Jan/Feb 2001  •   Poetry

Two Poems

by Jesse Miller


I have to leave the place
I'm going back to
Or I'll be there forever

Where I'm from
There are no horizons
No sea mist
There is only flatness
Interrupted by seasons
Lips sliced by cold
Dream huddled and sleeping
That can only be shaken
From slumber three months
Out of the year

This place stole my soul
Took my magic
Siphoned my blood
Reminded me I wore out
My welcome years back

The lesson to be learned
is remedial: junior high
if I am here
On the x
And you are there
On the y
I draw a line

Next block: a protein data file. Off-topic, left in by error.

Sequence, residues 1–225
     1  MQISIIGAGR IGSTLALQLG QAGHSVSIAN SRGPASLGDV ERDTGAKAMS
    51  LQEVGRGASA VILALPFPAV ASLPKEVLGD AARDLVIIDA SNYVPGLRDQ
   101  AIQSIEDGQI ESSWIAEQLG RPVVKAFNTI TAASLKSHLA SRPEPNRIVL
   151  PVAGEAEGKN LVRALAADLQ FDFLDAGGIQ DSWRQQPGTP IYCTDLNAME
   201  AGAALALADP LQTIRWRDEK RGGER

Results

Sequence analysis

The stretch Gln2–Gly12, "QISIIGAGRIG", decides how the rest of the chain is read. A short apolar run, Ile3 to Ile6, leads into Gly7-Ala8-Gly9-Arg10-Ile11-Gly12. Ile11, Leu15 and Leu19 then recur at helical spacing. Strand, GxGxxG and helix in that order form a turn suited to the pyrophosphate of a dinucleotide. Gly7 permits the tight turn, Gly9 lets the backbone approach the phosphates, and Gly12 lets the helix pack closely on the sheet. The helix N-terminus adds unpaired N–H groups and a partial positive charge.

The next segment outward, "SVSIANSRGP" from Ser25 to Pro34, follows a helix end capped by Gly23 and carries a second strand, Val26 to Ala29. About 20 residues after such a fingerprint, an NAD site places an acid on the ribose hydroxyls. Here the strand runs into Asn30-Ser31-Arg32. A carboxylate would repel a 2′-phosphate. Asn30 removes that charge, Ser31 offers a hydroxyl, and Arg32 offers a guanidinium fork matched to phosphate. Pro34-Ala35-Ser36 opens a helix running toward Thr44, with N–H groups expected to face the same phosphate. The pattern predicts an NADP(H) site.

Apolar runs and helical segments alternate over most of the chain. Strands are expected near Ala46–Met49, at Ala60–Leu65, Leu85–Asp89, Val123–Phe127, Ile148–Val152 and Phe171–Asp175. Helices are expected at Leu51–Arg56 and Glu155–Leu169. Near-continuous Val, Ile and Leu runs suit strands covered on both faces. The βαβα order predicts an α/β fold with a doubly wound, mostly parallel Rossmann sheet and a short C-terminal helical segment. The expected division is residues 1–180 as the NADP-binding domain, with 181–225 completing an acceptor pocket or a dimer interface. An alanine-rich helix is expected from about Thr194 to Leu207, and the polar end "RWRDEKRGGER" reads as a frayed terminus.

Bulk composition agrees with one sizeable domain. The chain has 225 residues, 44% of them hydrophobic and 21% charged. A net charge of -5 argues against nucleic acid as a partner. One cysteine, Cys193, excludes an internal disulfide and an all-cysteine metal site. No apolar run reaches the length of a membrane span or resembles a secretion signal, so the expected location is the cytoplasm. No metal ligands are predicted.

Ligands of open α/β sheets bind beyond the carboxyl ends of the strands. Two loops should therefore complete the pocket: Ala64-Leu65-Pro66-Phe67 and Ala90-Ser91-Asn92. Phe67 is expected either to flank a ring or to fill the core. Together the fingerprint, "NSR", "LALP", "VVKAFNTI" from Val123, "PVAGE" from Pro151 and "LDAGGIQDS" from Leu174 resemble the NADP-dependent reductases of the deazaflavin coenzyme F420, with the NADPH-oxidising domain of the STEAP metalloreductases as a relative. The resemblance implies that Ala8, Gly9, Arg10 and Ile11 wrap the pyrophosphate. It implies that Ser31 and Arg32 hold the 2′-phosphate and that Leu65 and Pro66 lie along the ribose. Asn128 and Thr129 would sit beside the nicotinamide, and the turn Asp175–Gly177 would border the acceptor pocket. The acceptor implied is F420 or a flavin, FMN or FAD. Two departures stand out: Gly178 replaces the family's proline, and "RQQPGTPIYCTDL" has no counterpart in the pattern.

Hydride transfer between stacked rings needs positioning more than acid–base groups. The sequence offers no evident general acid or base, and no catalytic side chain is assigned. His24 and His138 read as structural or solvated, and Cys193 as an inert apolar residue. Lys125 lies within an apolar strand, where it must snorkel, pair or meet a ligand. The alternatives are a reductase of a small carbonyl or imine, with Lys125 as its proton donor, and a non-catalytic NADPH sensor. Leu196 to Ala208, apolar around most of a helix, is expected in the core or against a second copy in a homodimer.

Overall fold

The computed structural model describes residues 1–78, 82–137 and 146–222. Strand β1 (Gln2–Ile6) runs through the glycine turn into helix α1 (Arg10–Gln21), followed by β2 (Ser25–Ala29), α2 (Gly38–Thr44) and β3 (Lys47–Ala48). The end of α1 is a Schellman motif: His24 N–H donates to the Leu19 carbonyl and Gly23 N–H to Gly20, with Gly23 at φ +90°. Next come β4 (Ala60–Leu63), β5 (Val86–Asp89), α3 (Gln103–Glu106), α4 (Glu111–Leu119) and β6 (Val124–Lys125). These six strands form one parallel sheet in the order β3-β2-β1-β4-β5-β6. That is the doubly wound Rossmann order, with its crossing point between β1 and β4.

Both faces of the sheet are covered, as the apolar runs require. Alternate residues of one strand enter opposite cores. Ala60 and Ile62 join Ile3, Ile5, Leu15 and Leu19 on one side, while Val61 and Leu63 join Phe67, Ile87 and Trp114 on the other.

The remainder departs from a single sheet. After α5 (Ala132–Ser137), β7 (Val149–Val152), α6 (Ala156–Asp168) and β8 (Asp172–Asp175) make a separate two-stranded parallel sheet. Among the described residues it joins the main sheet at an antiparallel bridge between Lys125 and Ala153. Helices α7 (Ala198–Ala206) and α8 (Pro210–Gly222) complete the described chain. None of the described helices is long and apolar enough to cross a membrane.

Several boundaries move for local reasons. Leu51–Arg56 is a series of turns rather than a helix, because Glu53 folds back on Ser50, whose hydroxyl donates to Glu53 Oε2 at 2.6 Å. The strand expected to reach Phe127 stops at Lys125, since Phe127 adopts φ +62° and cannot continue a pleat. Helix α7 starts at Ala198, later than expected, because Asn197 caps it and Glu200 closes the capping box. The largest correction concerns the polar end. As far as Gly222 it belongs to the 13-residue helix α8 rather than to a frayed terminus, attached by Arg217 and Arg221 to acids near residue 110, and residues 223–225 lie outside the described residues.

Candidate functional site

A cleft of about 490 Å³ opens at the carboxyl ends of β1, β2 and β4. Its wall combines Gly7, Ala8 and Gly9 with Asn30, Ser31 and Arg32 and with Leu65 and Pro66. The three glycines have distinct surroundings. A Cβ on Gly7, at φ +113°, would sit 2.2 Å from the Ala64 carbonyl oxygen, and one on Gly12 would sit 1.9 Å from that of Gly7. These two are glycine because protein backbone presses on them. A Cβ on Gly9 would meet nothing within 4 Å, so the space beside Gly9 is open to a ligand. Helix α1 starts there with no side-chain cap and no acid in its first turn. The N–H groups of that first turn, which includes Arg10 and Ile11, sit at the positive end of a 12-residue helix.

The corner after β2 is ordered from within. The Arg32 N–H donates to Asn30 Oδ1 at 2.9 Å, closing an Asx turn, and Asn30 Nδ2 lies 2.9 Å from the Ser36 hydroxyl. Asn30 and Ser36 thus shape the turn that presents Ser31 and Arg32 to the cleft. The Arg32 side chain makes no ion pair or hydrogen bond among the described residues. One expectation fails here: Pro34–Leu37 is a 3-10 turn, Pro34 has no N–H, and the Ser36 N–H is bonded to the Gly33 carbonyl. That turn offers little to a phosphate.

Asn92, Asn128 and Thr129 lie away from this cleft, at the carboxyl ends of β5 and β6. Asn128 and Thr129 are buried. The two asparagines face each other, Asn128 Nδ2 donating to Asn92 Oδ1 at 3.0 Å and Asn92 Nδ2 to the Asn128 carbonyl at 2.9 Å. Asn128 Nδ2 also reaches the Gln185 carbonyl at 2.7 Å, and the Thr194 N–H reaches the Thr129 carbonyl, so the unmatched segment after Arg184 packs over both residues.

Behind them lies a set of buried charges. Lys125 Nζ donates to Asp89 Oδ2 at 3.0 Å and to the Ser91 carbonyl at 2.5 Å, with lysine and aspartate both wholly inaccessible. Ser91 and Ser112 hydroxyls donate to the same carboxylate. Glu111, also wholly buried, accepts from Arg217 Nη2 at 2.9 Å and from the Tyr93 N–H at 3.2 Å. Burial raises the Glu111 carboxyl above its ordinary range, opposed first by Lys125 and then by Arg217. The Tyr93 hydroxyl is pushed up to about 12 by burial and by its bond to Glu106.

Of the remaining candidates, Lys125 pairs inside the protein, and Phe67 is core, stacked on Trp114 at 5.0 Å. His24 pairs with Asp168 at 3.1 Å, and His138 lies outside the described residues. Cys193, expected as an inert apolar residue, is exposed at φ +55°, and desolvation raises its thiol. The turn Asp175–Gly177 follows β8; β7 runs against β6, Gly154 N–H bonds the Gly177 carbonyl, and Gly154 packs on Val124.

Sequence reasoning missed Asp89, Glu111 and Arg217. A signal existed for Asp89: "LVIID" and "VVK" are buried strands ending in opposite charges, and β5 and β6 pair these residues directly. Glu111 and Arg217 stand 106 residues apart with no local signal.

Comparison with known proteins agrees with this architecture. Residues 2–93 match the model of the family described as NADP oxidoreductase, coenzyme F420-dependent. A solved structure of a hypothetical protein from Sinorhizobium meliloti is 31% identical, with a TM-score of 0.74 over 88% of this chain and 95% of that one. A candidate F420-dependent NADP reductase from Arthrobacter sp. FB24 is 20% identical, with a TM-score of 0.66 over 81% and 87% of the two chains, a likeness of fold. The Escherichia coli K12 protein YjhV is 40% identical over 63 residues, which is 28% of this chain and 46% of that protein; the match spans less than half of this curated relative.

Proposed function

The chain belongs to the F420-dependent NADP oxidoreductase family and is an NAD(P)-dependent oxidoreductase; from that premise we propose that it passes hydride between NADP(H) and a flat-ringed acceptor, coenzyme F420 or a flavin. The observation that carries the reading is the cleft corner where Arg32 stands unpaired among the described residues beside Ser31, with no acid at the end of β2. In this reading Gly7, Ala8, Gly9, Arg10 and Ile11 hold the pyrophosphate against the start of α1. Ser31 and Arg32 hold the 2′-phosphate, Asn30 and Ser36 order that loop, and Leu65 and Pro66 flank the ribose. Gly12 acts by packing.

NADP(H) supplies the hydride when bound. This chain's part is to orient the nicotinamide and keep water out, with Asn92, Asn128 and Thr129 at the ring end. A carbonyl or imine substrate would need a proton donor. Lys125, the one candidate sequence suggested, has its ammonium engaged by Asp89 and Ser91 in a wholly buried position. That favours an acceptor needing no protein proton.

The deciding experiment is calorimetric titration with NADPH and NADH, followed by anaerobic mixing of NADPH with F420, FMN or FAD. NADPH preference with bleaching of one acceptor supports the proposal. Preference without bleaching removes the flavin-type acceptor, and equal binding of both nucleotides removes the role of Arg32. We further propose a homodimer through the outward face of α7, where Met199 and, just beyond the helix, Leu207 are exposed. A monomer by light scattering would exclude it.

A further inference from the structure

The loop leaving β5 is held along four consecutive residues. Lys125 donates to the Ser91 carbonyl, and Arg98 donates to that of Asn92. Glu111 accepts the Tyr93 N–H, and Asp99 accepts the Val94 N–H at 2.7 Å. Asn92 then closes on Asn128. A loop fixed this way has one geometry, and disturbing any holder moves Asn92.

I make a connection
And everything outside
And in between
Falls away
And we become geometry


Little Bones

I should kill those kids downstairs
the ones who wake me up every morning
two hours before
I have to be up.
Don't they know the floorboards
are too fragile
even for their gentle bones
so much like cartilage
to be jumping on the bed?

I can see them down there,
little skeletons bouncing
off a soft mattress sagged in the middle,
sheets bunched up,
a mountain range through the valley
of the center of
the bed their mother junk
picked off the street and got her
new boyfriend to help haul home.

I hear them at night, the mother
and her man.
She moans, they laugh,
he groans, they laugh.
What is it that's so funny
about their sex, I ponder
with my hands in my pants.

Come daylight, the little skeletons are
at it again,
trying to get higher,
to touch the floor beneath my head.
Little bone fingers tickle
my back as I lie
in bed and listen.